Rated of 5
by Marjorie (Florida)
Art Redeems the Soul
Josephine Bell is the catalyst that launches an inquiry into the historical past, to unearth the mystery of what happened to the artist who fashioned the artwork that survived time. Her story is not unlike others in her class and station, in the late 1800's. A slave bound to her Master's wife, as a house girl confined to their land and their rules. A life that would have gone unnoticed until an unsuspecting lawyer (Lina) in the 21st century (early 2000's) is giving the task to unearth data on a case that would give back redemption to those who have all but been erased by modern history. This isn't just a story that evokes the tragedy of those enslaved in the South, but rather a silver lining of Hope… that their lives took on greater meaning and purpose when their lives started to intersect with others. It's through this intersection where the ripples of small kindnesses and hours of bravery, began to change the lives of others. I found that inside the secondary characters held within the House Girl, the simplest of truths to step forward. Peace with Self. Strength in Resolve. Determined Self Reliance. And the hope of freedom. Oppression comes in different forms, as even those who live free are not always free to do what their hearts desire.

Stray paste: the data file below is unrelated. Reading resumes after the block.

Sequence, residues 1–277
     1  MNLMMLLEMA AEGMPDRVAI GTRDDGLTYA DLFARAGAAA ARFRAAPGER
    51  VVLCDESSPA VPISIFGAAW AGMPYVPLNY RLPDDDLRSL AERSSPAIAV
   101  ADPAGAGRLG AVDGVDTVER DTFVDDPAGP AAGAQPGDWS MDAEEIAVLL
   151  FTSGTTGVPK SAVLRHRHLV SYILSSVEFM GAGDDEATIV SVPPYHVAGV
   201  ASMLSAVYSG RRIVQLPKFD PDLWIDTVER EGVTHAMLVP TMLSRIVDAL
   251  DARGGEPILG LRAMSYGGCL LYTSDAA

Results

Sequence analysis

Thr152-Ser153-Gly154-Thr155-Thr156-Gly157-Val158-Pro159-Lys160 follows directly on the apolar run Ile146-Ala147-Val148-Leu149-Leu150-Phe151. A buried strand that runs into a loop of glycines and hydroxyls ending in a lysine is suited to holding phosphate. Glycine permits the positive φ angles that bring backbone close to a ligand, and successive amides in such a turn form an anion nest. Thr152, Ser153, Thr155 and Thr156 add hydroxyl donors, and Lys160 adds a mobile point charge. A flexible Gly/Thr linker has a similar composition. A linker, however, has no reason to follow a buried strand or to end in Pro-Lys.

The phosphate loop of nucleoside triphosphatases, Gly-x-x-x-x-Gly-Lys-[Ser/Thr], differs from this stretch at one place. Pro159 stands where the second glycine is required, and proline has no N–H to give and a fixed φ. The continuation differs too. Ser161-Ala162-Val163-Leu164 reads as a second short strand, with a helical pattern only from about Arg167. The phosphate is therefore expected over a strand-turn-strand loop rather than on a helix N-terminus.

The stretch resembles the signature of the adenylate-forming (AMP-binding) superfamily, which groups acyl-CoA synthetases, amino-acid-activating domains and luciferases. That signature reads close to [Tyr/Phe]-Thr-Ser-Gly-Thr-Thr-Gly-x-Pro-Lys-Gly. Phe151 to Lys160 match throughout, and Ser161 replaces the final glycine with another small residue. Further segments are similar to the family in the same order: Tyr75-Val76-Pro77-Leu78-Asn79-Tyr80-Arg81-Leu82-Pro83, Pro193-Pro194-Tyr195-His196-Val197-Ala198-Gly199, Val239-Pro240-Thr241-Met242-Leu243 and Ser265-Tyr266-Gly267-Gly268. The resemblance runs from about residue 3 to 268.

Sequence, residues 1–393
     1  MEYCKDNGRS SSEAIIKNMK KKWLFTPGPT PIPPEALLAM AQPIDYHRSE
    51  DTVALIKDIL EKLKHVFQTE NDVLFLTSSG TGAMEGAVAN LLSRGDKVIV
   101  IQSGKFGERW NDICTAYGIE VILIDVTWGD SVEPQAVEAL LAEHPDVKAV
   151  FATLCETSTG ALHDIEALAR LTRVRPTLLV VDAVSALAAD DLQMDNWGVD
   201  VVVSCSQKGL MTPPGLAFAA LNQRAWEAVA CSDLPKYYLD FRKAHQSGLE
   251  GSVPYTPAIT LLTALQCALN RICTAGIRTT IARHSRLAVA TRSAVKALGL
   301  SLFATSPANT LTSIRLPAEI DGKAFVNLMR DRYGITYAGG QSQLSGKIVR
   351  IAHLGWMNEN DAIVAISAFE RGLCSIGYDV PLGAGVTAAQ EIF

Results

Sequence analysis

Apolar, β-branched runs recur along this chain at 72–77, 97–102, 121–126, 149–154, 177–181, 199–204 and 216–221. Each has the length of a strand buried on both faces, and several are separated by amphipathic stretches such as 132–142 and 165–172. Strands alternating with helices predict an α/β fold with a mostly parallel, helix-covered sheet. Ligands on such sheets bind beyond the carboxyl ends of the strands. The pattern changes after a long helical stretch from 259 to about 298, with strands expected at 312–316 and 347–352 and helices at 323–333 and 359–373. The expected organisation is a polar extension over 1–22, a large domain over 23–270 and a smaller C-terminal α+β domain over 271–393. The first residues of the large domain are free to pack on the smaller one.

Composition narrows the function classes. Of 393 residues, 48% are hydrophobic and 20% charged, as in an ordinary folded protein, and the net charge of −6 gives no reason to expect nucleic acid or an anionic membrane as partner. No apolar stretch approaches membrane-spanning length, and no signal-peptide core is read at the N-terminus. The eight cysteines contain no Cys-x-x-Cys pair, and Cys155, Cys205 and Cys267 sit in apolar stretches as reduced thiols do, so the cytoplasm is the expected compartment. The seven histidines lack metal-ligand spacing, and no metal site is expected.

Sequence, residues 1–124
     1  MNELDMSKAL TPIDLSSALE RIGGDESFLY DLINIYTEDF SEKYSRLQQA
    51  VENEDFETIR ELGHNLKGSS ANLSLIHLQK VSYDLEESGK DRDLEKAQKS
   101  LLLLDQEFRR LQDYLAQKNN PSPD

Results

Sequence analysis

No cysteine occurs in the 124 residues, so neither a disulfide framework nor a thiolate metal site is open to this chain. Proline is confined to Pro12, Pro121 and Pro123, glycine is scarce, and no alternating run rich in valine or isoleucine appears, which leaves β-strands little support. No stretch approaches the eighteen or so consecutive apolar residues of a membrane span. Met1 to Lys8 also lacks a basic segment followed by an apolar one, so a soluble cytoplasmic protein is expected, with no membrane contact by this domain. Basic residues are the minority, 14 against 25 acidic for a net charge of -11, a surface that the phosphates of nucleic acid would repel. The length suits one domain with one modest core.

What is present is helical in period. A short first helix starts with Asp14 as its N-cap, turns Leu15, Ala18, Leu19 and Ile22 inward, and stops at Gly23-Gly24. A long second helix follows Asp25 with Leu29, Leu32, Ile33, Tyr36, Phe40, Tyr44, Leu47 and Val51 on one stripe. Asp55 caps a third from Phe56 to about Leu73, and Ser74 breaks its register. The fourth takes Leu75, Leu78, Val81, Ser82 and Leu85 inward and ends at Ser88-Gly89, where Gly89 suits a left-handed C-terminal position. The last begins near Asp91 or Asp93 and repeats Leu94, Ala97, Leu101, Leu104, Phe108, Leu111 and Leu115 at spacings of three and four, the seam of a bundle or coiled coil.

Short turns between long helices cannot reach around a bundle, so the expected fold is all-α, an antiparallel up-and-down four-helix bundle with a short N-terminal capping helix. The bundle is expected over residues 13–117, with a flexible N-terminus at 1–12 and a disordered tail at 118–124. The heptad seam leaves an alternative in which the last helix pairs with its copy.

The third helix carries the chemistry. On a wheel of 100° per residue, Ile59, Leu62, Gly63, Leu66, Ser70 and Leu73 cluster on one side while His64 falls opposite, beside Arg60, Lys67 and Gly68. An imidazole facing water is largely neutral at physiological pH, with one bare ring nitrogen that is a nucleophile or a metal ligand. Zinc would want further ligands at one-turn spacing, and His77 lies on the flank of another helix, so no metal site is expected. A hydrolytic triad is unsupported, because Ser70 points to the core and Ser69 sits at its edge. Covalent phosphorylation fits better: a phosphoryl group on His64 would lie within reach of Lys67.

I believe this would make an excellent addition to an Art History class or a Civil Rights class which focuses on slavery in the South. The tone of the book is uplifting, shattering past the blights of misery to yield a lens into how strong women can be in the moments that count the most.